United States

FATCA and other year-end global information reporting considerations


As we move past certain tax filing deadlines and towards year-end planning, taxpayers should be aware of several important global information reporting and tax withholding considerations for year-end. These include:

  • Review and update FATCA classifications – To the extent that you have acquired new entities or restructured during the year, you may need to register these entities with the IRS in order to timely comply with the Foreign Account Tax Compliance Act (FATCA) going forward. Companies should also evaluate the impact of changes to your structure on the FATCA status and year-end filing obligations of other entities in the group. Ongoing monitoring of your structure with timely registration and deregistration of entities as required will ensure sustained compliance with the rules going forward.
  • Prepare for CRS reporting - Reporting under the Organisation for Economic Co-operation and Development (OECD)’s common reporting standard (CRS) commences in 2017. Your organization may therefore need to assign a CRS classification to legal entities in the group and determine whether they are residents of any one or more of the 90+ countries that have agreed to report information under the automatic exchange of information (AEoI) provisions of CRS. Note that while most entities classified as foreign financial institutions (FFIs) under U.S. FATCA regulations will likely be FFI’s for CRS reporting purposes, there are differences in definitions that may impact your classifications and ultimately, your reporting obligations. Drill down on what those differences may mean to your organization now to avoid surprises in 2017.
  • Register sponsored entities – In Notice 2015-66, the IRS extended the status of limited FFI’s, limited branches and sponsored entities without global intermediary identification numbers (GIINs) until Dec.  31, 2016. These entities must now register and obtain GIINs before year end. This deadline is particularly important for private equity firms and other asset managers who may have taken advantage of the sponsored entity concept for administrative ease on funds with several portfolio entities in their structures that they did not previously register.

Specifically, sponsoring entities must register their sponsored investment entities and sponsored controlled foreign corporations (CFCs) covered by Annex II of a Model 2 IGA on or before the later of Dec.31, 2016 or the date that is 90 days after a U.S. reportable account is first identified. Sponsoring entities must also register their sponsored registered deemed-compliant FFIs and sponsored direct reporting NFFEs by Jan. 1, 2017. If you are affected, consider registering to obtain GIINs well in advance of Jan. 1, 2017, to give withholding agents sufficient time to complete their internal GIIN verification processes.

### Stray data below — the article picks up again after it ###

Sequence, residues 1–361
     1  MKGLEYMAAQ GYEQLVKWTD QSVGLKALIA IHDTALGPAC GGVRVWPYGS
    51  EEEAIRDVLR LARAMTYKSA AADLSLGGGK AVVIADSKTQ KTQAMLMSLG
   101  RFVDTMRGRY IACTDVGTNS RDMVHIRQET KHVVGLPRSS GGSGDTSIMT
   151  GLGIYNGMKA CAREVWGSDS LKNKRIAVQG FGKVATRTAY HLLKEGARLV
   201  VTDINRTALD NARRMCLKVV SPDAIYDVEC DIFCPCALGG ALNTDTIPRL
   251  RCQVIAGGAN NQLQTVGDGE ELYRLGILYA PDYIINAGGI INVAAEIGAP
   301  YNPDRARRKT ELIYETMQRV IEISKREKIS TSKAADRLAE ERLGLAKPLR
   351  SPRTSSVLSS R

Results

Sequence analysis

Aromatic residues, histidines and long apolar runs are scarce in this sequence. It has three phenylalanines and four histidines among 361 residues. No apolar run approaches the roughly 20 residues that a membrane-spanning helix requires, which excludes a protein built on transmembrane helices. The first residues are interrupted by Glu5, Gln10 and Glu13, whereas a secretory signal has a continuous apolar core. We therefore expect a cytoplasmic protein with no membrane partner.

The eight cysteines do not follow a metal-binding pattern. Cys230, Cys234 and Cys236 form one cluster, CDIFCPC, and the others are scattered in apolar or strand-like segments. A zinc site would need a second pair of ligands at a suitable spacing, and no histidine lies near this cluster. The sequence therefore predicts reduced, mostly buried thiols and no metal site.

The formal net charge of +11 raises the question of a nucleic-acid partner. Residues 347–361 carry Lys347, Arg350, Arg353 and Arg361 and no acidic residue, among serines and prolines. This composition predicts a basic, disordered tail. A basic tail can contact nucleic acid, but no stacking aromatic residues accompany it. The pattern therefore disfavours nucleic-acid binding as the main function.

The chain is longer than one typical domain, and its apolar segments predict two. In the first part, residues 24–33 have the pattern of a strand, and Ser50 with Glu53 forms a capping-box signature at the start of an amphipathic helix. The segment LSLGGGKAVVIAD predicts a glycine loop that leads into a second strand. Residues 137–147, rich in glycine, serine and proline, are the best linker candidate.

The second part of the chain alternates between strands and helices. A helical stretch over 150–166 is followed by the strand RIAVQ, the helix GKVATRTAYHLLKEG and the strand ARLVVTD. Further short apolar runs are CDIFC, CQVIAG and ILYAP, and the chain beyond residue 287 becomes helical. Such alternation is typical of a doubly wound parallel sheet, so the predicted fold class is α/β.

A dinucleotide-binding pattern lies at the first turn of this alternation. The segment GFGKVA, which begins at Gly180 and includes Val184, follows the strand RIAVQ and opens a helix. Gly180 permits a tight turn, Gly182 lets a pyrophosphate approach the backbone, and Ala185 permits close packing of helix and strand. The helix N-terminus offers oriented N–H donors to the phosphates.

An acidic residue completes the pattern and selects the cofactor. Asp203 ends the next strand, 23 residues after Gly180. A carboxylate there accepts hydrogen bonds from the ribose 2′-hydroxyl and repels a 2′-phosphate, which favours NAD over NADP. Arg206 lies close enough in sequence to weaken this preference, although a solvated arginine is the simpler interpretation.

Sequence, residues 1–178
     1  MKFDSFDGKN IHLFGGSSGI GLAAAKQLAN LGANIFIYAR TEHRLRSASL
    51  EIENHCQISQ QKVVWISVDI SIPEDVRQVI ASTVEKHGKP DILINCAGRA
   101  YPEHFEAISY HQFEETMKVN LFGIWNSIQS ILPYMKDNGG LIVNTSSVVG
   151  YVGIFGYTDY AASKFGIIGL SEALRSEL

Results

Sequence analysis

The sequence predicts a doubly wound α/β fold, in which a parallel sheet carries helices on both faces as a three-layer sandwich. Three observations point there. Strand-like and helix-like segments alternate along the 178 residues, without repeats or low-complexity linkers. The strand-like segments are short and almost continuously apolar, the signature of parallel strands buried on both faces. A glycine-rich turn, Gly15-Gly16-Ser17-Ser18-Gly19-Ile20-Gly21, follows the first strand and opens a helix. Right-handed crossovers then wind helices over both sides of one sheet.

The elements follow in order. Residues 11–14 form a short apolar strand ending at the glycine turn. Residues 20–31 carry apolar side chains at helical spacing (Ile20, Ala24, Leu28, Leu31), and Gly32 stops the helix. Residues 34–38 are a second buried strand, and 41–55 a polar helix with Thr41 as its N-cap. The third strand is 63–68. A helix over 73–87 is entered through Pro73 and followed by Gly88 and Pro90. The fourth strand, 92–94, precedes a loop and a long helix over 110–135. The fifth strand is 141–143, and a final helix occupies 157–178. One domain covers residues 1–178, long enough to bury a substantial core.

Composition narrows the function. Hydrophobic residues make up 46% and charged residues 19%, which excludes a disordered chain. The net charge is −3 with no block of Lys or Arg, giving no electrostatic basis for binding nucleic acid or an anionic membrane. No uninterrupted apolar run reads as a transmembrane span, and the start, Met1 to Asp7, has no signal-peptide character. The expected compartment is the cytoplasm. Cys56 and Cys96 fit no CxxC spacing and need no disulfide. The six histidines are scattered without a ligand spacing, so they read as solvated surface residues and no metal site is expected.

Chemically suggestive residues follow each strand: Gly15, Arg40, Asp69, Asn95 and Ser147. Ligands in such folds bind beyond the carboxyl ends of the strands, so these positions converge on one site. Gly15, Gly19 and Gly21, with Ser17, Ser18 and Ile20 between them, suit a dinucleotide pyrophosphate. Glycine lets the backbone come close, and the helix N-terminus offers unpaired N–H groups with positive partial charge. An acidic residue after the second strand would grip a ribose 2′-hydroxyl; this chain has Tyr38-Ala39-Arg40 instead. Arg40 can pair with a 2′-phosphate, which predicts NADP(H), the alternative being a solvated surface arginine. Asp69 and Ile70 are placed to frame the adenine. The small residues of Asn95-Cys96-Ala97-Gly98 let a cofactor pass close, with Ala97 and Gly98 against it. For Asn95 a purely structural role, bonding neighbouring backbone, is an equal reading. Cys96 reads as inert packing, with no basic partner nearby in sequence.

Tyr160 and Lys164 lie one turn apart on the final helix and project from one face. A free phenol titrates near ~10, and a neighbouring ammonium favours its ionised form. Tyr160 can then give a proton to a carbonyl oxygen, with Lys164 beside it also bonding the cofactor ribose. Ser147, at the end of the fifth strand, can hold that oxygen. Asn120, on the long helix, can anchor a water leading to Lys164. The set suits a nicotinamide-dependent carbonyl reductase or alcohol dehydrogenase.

• Replace pre-FATCA W-8s – The ability to rely on old versions of Forms W-8 collected pre-FATCA expires on Dec. 31, 2016. To avoid potential exposure for under withholding on payments associated with expired W-8 Forms, withholding agents will need to develop a process for collecting, reviewing and storing new forms for customers, vendors and investors.
  • Modify systems and processes for new Form 1042-S – The IRS has released a new Form 1042 and 1042-S for 2016 with new fields that may require you to collect additional data before year end to ensure that an accurate and complete return can be filed. Most significantly, new box 13j of the 2016 Form 1042-S requires a new limitation of benefits (LOB) code when a reduced treaty rate of withholding is applied. The new LOB code is assigned based on information from Form W-8. Modifications to your systems and additional processes may need to be developed before year end in order to capture LOB information from W-8 forms that must be reported on the new 2016 Form 1042-S. Don’t wait until year end to address these requirements. Modify systems and processes now so that you are prepared to meet the challenges of these new forms.
  • Reconcile tax deposits – Withholding agents should request IRS transcripts and reconcile amounts withheld per their books and records to actual deposits per the IRS’ records and address any discrepancies prior to year end. The IRS has indicated its intention to reject a larger number of refund claims this year. Additionally, new technology used by the IRS will allow for better matching of information (such as the recipient’s name or taxes withheld) per recipient copies of 1042-S to information in the Service’s systems or as reported by withholding agents. 


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